VCD and DVD Contents

    [Title:] Chapter 1: ABSENCE OF FATHER (1)

    STANLEY KWAN, DIRECTOR: One friend of mine is amused by my films. He once asked me why I like to shoot so many male bathhouse scenes. This is from my film Actress. I did the same in Red Rose, White Rose. My friend thought I was just indulging myself. But he didn't know the person who took me first to a bathhouse was my father. When I was a kid, I shared a bed with my father. Now, entering this kind of naked, all-male world, I can feel his presence. My father died when I was 14. He left very little for me to remember him by. Not even photos. This is one of the few I have.

      [Title:] Chapter 2: FEMININE AND MASCULINE FACE AND BODY

    V.O. (VOICE-OVER): Most of the films I've directed have centered on women. They include Red Rose White Rose, Actress, Rouge, and Love Unto Waste. Why do I make so many films about women? Does it mean that I'm rather feminine myself? I'm sure that it does have something to do with the women in my family. As the eldest son, I became the official head of the family at the age of fourteen. The others' lives suddenly came second to mine. My sisters had to leave school and start work to help pay for my education, and my mother became a resilient woman who worked tirelessly to hold the family together and provide for her children. As a result, I felt less like a surrogate father than like a child. The women of the family supported and protected me.

    Like everyone in Hong Kong, I grew up fascinated by martial arts films. The genre was always popular, but it peaked in the early 70's when Bruce Lee came back from America and starred in four kung fu films. His premature death in 1973 was shattering. It really was as if a legend had died.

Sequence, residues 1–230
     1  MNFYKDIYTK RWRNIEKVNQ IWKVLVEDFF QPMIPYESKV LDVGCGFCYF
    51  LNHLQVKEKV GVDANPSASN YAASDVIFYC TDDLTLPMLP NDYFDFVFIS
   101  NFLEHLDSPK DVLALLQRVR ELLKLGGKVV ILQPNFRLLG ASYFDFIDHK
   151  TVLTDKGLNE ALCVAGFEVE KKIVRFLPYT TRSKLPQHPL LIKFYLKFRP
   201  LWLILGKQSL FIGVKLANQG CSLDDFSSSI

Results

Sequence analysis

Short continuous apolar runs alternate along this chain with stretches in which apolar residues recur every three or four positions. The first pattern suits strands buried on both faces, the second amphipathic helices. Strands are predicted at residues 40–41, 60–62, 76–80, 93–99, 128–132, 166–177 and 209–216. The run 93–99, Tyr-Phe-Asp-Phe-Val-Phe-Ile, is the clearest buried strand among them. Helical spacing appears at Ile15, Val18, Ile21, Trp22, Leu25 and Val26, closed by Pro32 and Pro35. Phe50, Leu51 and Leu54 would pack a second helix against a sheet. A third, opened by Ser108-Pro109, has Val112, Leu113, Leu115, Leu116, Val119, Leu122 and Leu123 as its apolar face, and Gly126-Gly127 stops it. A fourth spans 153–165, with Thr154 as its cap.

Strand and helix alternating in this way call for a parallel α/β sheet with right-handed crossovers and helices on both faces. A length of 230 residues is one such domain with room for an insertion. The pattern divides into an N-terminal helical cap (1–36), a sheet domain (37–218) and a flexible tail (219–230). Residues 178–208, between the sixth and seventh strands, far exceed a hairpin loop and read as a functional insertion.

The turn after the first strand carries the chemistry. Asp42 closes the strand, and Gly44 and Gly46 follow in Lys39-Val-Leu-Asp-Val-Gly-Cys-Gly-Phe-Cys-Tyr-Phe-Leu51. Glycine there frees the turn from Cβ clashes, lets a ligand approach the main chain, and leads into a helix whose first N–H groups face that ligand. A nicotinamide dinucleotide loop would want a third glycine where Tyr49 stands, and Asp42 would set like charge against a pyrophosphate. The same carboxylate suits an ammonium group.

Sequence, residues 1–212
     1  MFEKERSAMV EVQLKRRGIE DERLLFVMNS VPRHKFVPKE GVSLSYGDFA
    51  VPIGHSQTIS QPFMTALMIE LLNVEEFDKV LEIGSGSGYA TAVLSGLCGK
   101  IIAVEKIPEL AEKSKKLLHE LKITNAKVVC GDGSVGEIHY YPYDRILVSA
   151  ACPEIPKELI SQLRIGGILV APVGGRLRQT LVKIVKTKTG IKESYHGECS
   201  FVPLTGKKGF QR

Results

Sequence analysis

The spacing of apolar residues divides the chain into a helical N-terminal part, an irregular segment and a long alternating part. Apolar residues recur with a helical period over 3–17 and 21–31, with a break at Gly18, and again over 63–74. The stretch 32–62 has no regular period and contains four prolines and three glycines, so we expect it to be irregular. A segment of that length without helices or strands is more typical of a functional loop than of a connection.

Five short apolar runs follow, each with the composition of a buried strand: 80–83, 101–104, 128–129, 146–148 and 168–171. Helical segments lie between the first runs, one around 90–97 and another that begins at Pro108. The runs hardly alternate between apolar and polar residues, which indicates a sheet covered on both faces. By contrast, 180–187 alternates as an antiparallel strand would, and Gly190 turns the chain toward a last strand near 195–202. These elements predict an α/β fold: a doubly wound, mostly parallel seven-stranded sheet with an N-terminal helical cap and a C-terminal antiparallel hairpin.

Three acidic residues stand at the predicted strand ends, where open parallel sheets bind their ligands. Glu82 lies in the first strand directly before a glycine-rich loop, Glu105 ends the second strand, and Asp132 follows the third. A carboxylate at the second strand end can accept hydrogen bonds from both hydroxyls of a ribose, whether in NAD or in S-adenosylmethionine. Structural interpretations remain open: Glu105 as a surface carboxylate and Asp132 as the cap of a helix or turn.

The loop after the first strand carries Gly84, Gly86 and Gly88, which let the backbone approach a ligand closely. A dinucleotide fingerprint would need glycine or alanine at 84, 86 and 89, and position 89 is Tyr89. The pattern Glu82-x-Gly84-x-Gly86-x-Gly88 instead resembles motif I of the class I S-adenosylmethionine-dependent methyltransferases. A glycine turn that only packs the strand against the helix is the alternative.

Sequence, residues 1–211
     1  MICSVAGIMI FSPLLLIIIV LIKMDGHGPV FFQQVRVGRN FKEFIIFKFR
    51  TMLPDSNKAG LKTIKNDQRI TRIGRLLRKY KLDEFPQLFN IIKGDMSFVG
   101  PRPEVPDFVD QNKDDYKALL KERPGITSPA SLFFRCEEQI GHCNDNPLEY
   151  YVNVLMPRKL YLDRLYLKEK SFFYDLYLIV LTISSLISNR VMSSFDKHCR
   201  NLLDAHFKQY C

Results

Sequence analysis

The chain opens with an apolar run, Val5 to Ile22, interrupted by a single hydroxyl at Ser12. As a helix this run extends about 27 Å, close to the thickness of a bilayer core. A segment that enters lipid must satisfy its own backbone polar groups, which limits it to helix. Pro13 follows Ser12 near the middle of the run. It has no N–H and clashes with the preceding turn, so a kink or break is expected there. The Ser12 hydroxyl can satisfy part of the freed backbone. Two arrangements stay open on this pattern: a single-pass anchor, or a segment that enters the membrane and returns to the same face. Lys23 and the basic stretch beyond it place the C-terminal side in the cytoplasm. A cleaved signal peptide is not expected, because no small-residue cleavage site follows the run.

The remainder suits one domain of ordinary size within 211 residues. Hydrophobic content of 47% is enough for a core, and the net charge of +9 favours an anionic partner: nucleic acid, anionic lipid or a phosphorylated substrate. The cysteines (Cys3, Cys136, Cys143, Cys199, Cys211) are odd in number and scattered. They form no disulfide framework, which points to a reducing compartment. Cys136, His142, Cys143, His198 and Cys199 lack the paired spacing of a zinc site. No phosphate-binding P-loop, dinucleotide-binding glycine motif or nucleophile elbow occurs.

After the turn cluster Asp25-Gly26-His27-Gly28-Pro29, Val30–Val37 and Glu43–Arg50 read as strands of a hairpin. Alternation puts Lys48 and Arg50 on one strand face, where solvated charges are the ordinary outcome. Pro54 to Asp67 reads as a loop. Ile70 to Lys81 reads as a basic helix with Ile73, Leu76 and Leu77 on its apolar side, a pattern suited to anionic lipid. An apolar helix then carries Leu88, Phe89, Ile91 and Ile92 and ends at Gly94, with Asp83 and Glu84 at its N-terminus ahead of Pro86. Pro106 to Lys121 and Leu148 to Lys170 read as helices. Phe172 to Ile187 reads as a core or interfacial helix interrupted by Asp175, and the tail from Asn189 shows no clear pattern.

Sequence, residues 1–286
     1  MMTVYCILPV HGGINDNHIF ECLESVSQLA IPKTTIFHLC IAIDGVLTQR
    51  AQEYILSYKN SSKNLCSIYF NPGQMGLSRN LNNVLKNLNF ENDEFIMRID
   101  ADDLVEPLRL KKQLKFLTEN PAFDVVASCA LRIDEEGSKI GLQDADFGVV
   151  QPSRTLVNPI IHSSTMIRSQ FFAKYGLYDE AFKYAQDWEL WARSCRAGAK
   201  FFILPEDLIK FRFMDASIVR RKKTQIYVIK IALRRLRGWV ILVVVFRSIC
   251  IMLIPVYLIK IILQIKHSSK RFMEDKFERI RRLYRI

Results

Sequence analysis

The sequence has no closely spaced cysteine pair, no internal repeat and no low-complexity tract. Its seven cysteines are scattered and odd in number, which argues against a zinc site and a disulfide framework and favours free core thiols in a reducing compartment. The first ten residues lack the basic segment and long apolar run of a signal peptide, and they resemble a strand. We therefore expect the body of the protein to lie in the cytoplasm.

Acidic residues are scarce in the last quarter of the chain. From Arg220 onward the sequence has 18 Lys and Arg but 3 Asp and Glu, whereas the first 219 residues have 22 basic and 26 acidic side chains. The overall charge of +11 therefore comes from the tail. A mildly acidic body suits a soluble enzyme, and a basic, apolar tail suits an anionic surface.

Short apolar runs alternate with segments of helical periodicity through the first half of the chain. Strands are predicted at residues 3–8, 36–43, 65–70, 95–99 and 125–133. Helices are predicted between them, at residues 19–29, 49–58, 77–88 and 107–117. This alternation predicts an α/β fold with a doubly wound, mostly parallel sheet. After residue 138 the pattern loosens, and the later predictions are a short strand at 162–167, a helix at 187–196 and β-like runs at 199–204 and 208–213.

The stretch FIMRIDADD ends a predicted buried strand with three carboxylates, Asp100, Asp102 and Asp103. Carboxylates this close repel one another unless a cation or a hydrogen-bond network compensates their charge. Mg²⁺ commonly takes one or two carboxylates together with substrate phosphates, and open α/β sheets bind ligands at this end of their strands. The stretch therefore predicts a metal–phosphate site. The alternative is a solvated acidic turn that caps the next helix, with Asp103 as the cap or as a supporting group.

[Title:] Chapter 2: FEMININE AND MASCULINE FACE AND BODY

    STANLEY KWAN: My films include Rouge, Full Moon in New York, Love Unto Waste, Actress, and Red Rose, White Rose. All of them thought of as 'women's films.' Are the women in these films just projections of myself? I have three sisters, one brother. You could call it a predominantly female family. After my father died, my mother worked hard to raise us. My sisters left school to help pay for my education. All of this was automatic. Just because I was the eldest son. Even though I was only 14, I had replace my father. Be the family head. I always ask myself if this situation formed my attitudes to [sic] women, or if my sisters and mother taught me what I know about female strength.

    As a child, my feminine side identifed with the heroines of Hong Kong films. But in the 70s, the balance in Chinese films shifted. Bruce Lee's stardom ushered in a new vein of 'masculine films.'

      [footage of Bruce pummelling Chuck Norris in Way of the Dragon]

    V.O.: For me, the appeal of the genre was less the kung fu or the swordfighting than the spectacle of male bodies in action, very often half naked. The master of the genre was Zhang Cher, who discovered stars like Wong Yu, Di Long, David Chiang, and Fu Shung. Actually, Bruce Lee wasn't really my type. I preferred Wong Yu, an ex-swimming champion from Guang Jo. Unfortunately, I can only show these images from his films. Shaw Brothers, the company which produced them in the 60's, wouldn't allow us to use any clips.

    Zhang Cher was a Shaw Brothers contract director at that time. Virtually all of his films focused on men and male relationships.

      [footage of Bruce pummelling Chuck Norris in Way of the Dragon]

    S.K.: I liked 'masculine films' too. But not for the fights or the wiry, muscular types like Bruce Lee. I preferred a hero of the 60s. The swordsman type -- Wang Yu. Wang Yu was 'discovered' by director Chang Cheh. The films they made together included One-Armed Swordsman. It was a huge hit. The first Hong Kong film to gross more than one million dollars. After that, almost all of Chang's films dealt with male bonding and 'blood-brotherhood.' It's a pity Shaw Brothers wouldn't let us use any clips from those films.